The transition from 2012 to 2013 will be a little less Dick Clarkish this year.
Actually, scratch that. Dick Clark may have officially died today, but the guy checked out a good three or four years ago. Seriously, I love Dick, but if you search the word “stroke” on his Wikipedia page, you get 16 results.
The goal for all of us in life is to succeed in our craft, possibly even get to the top if possible, but then to know when it’s time to call it quits. Dick Clark easily accomplished the first half of that. As far as becoming a media personality, he was the guy. Whatever Ryan Seacrest is now, Dick Clark was the straighter, slicker, funnier and more jovial version. The dude did his job better than anyone.
Now I’m not blaming Dick Clark for continuing his tradition of counting down the new year even in his final years, because I firmly believe that it wasn’t even his call. NBC executives probably invaded his house, kidnapped him, dressed him up and put him in front of a camera. They probably even told him that he was actually in the bathroom just so he didn’t freak out.
Having him appear on live television while in such ill-health was borderline inhumane. After his eleventieth stroke, couldn’t you let the guy enjoy New Years from the comfort of his own home in front of his family? Instead, you out him on TV, and the rest of America had to sympathize as we watched Dick incorrectly count down from 10 to 1. It was sad.
I think the same thing whenever I see Robert DeNiro in a movie. The guy was an absolute legend. Between Raging Bull, Goodfellas and the Godafther II, the man is unquestionably in the conversation of “who is the best actor of all time?” But he hasn’t been in a good film in about 10 years, and yet, he still keeps making movies. STOP IT, ROBERT. Don’t ruin your legacy!
But anyway, Dick Clark accomplished what everyone in America wanted to accomplish — becoming a household name. Every adult unquestionably knows who he is. Every 20-year-old absolutely should know who he is. And even most teenagers probably know, even though Clark was never really in his prime for them.
Don’t even ask why, or what the context was, but I was with two high sophomore girls when I discovered that Dick Clark died. As an experiment, I said aloud, “Oh shit, Dick Clark died!” just to see if they would know who he was.
One of them responded, “The singer?”
Then I said, “No, the guy who did New Years Eve.” Once I said that, it thankfully registered with them, and they became saddened. There is hope for the youth of America.
In today’s technological age, one of the most fascinating things about celebrity deaths is to see the public reaction. In the past, you would have to wait until you saw your friends at school to see what everybody was thinking. Today you simply log on Twitter and you can not only see what your friends are thinking, but what the entire world is thinking.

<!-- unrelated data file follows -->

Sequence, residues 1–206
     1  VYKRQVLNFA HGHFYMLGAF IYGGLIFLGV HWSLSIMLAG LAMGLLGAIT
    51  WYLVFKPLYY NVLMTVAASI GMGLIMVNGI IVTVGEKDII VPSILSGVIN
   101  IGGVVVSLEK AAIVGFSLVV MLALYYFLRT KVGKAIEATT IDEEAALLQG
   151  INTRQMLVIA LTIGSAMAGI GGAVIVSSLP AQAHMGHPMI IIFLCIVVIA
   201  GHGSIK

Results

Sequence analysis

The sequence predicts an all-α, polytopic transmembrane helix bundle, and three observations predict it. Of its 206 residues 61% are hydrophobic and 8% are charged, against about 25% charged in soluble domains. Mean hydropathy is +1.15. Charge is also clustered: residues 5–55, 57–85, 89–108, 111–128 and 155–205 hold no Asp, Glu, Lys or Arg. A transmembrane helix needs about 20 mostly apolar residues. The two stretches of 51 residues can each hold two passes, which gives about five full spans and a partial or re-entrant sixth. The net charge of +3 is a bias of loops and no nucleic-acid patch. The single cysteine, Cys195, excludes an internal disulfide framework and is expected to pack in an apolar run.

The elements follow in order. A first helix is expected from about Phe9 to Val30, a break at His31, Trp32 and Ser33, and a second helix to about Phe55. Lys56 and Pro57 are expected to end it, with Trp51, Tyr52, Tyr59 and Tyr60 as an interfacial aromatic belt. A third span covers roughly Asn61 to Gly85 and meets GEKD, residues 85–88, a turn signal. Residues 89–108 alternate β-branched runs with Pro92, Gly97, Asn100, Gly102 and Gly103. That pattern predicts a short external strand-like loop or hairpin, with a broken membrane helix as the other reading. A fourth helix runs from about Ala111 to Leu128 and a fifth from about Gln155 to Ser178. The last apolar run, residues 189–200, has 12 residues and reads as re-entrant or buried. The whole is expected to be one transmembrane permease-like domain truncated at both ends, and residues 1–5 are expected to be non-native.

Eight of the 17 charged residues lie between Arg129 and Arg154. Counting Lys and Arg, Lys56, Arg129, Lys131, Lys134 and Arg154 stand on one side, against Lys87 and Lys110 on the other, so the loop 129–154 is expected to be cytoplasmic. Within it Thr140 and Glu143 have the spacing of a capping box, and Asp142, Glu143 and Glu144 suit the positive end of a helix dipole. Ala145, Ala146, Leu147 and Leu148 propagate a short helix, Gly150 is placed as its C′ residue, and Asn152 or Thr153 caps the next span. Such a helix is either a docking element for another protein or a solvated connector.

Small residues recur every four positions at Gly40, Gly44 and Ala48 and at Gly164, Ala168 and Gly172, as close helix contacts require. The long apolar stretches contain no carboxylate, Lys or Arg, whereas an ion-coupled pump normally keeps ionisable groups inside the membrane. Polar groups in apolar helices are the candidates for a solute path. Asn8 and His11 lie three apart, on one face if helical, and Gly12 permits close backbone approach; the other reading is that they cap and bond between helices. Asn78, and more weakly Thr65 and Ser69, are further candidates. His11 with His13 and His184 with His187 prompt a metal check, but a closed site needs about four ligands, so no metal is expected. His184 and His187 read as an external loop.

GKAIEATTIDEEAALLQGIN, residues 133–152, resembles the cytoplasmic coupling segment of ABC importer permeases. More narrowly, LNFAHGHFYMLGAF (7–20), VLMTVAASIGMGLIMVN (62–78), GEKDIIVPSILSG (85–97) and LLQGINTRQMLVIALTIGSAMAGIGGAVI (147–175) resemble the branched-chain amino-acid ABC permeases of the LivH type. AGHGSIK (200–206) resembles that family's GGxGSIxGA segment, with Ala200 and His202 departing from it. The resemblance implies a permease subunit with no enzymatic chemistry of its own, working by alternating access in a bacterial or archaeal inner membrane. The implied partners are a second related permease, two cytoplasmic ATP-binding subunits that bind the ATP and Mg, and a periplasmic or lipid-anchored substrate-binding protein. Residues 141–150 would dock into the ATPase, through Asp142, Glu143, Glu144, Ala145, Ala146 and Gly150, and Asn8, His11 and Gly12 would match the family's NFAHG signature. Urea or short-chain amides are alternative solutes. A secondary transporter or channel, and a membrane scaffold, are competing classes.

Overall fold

Inevitably, many jokes will be made. Is it insensitive? Sure. But let’s face it, the funniest jokes that we hear are the insensitive ones. There is no question that there is a direct correlation between funniness and inappropriateness. If you actually take offense to celebrity death jokes, then you are pretty easily offended. It’s not like we don’t have respect for the dead, but, saying a joke about someone who recently died does not make you a bad person. If the recently deceased was a cool person, then even they would laugh at it.
So that being said, here are a couple of great ones that I saw on my Twitter feed:
The main question that probably comes to people’s minds following Dick Clark’s death is, “How are they going to do New Years Eve this year?”
Well, it will be exactly the same. There will still be some telecast in New York City, where undeserving celebrities like Justin Bieber, Nicki Minaj and Ashley Tisdale will be front and center. There will be a lot of underwhelming musical performances, and you are and your buddies will still be wearing stupid party hats and drinking light beer while you wait for midnight so you can pop the bottle of cheap champagne that you bought for the occasion.
Also, a common joke you hear when an old celebrity dies are references to office death pools. Well, I counter. I think that Dick Clark has been such an obvious choice for death pools for so many years now, that everyone finally said “Ah, screw it, Dick Clark should have died by now, the man’s clearly immortal.” So everyone had already taken him off their death pools to begin with.
In all seriousness though, people only poke fun at Dick Clark because the man lived such a successful and fortunate life. He didn’t earn it because of an inheritance, or dumb luck, or because he was given a God-given talent in a certain aspect. No, he earned it because he had an great personality. How awesome is that, where you can completely make a living just for being a likable and endearing person? I think that is the real American dream.
And that’s why we mock. It’s because we love.
So rest in peace Dick, you dick.